Spreading the Love of the Sukkah

יִמְצָאֵ֙הוּ֙ בְּאֶ֣רֶץ מִדְבָּ֔ר וּבְתֹ֖הוּ יְלֵ֣ל יְשִׁמֹ֑ן יְסֹבְבֶ֙נְהוּ֙ יְב֣וֹנְנֵ֔הוּ יִצְּרֶ֖נְהוּ כְּאִישׁ֥וֹן עֵינֽוֹ׃

[God] found him in a desert land, and in the wastes of a howling wilderness; [God] encircled him, made him comprehending, guarded him like the pupil of his eye.

–Deuteronomy 32:10

In the poetic song contained in this week’s Torah portion of Haazinu, Moses reminds the Israelites of God’s reliable kindness and protection. Rashi explains…The Children of Israel, while in the wilderness, were surrounded by God’s loving presence in several specific ways [1], but the one that we celebrate annually is the Sukkah. 

A Sukkah – סכה, is a temporary dwelling that can have four, three, or two and a half walls. The letters of the word itself allude to the walls though their own shape [2] – the four lines that form the “ס,” the three of “כ,” and the two and a half of “ה.” In the Sukkah’s fullest form, represented by the “ס,” the total enclosure symbolizes a compassionate embrace. The letter “samech ס”, when spelled out – סמך, means “support” [3] and additionally stand for סלח מחל כפר – pardon, forgive, atone [4], alluding to Sukkot’s arrival after Yom Kippur [5] and our expected posture towards one another.

The “samechס” is the 15th letter in the Hebrew alphabet and has a numerical value of 60. It’s placement in the alphabet follows after the letter “nun – נ,” which represents falling – nafilah, and creates a sequence where the assistance of the “samechס” is generally understood as a response to the descent of the nun. We find an application of this on the calendar as well; 60 days after the 15th of the Hebrew month of Av, which starts a new path away from the saddest day on the calendar [6], the festival of Sukkot begins on the 15th of the month of Tishrei, empowering us to prevent future stumbles by taking care of each other. 

In the mystical work of Sefer Yetzira, the Book of Creation, the “samechס” governs sleep. One of the special components of the commandment to dwell in the Sukkah is that it can be fulfilled even while one is asleep. Performing this mitzvah, while in an unconscious state, highlights a unique aspect of the sukkah experience: it is particularly when our eyes are closed that our faith in God’s watchfulness is uniquely expressed. [7] 

Moses describes the Divine guarding as “כְּאִישׁ֥וֹן עֵינֽוֹ“, which is hard to translate. While Rashi explains it to mean “the dark part of the eye,” the Paaneach Raza [8] understands the phrase to mean “the eyelids covering the eye while one sleeps.” He explains that “כְּאִישׁ֥וֹן”, the covering, gets its name from the word for sleep “שינה.” 

The rabbis compare the opening and closing of the eyes to the opening and closing of the Ark in the Temple. It is for this reason that the verses [9] describing the Ark (וַיְהִ֛י בִּנְסֹ֥עַ הָאָרֹ֖ן) are framed with two upside down “nuns,” appearing as two eyelids [10]. The shutting of the eyes, in an attempt to ignore the suffering of others, enables and perpetuates the hardships of society.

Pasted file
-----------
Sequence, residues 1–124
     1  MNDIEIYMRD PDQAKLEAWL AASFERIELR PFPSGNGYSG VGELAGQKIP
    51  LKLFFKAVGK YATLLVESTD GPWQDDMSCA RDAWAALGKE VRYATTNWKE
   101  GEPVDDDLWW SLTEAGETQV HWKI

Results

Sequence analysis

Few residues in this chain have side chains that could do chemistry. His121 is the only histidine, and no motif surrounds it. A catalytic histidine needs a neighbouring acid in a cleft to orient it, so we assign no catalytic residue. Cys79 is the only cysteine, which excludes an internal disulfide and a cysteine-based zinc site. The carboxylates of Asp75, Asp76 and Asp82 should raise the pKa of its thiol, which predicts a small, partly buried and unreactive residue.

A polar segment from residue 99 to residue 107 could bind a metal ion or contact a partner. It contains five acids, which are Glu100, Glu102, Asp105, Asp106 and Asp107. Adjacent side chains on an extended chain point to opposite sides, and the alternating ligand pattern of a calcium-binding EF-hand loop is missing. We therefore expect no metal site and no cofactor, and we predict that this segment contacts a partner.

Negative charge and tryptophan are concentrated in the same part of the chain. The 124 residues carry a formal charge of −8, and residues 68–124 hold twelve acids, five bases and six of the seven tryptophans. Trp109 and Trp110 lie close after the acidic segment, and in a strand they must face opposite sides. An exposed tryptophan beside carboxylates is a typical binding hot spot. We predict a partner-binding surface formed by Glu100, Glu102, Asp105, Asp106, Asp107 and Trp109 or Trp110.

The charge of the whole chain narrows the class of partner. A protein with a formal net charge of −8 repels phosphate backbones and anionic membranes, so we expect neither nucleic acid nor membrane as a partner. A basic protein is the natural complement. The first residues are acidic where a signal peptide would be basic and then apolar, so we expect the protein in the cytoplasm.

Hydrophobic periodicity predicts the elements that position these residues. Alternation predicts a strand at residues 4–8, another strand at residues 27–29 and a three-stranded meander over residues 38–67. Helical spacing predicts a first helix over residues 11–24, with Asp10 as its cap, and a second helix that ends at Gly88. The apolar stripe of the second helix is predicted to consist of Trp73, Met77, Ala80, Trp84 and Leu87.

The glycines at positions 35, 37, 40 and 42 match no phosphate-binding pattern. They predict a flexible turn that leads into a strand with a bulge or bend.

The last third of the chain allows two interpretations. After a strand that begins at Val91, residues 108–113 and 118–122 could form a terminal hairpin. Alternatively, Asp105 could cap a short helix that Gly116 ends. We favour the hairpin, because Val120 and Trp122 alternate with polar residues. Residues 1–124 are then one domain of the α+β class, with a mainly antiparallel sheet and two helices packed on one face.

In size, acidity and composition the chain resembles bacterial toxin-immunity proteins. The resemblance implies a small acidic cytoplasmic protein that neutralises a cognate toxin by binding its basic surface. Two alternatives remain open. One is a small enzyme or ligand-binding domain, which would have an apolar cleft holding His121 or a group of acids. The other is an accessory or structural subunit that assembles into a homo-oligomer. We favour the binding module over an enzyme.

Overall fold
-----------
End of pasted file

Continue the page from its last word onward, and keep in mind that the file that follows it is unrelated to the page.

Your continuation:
During the holiday of Sukkot, in the grace after meals, many communities customarily add the request of “הַרָחֲמָן הוּא יָקִים לָנוּ אֶת-סֻכַּת דָּוִיד הַנּוֹפֶלֶת – May the Merciful One raise up for us the fallen sukkah of David.” The Arvei Nachal [11] observes that “הַנּוֹפֶלֶת – the falling” is actually in present tense; the breakdown of safe spaces is ongoing because we still aren’t viewing our interpersonal responsibilities properly.

King David says about himself “חָבֵ֣ר אָ֭נִי – I am an ally” to anyone who is engaged in advancing the cause of goodness. [12] The sukkah of David requires us to acknowledge God’s unwavering love for us and to extend that care to each other. The word “sukkah – סכה”, also stands for סמך כל הנופלים – support all [those who have] fallen [13], reinforcing our belief that while getting up is easier when we have friends to help [14], it is a holier act to keep folks from falling in the first place.

[1] See Rashi on this verse.
[2] See Alshich.
[3] See Letters of Rabbi Akiva.
[4] See Darchie HaEmunah.
[5] See Chaim V’Shalom.
[6] The 9th of Av.
[7] The first time the letter “samech – ס” is used in the Torah with Adam, is when God puts him to sleep in order to take a part of him to form Eve – וַיִּסְגֹּ֥ר – and then he is closed up. See Reb Tzodek.
[8] Rabbi Yitzchak bar Yehudah HaLevi – France,  c.1250  – c.1290.
[9] Numbers 10:35 -36.
[10] See Zera Kodesh in lekutim of Trumah for an expanded explanation.
[11] Behar 1:45.
[12] Psalms 119:63.
[13] See Magan Avraham.
[14] The circle is made from the up and down being connected.
Rabbi Mike Moskowitz is the Scholar-in-Residence for Trans and Queer Jewish Studies at Congregation Beit Simchat Torah. He is a deeply traditional and radically progressive advocate for trans rights and a vocal ally for LGBTQ inclusivity.
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